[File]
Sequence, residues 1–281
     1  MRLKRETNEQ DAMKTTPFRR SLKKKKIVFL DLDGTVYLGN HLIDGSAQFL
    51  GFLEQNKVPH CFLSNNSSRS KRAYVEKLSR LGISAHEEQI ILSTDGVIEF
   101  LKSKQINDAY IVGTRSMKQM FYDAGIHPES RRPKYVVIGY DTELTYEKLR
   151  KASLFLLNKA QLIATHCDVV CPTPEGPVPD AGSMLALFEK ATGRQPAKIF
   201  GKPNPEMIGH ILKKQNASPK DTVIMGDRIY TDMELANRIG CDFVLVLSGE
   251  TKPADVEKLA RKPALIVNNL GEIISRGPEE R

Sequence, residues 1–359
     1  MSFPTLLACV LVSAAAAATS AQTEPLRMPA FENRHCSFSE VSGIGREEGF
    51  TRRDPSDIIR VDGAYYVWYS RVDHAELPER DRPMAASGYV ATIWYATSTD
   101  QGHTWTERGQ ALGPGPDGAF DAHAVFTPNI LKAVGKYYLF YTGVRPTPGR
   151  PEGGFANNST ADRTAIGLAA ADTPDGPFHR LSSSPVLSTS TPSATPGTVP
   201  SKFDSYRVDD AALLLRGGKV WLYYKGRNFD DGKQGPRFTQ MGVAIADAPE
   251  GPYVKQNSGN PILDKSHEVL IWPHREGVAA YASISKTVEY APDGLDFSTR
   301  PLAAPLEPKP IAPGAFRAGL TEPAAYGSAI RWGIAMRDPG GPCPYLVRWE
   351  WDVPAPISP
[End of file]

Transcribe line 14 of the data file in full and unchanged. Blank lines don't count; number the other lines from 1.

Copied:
   251  GPYVKQNSGN PILDKSHEVL IWPHREGVAA YASISKTVEY APDGLDFSTR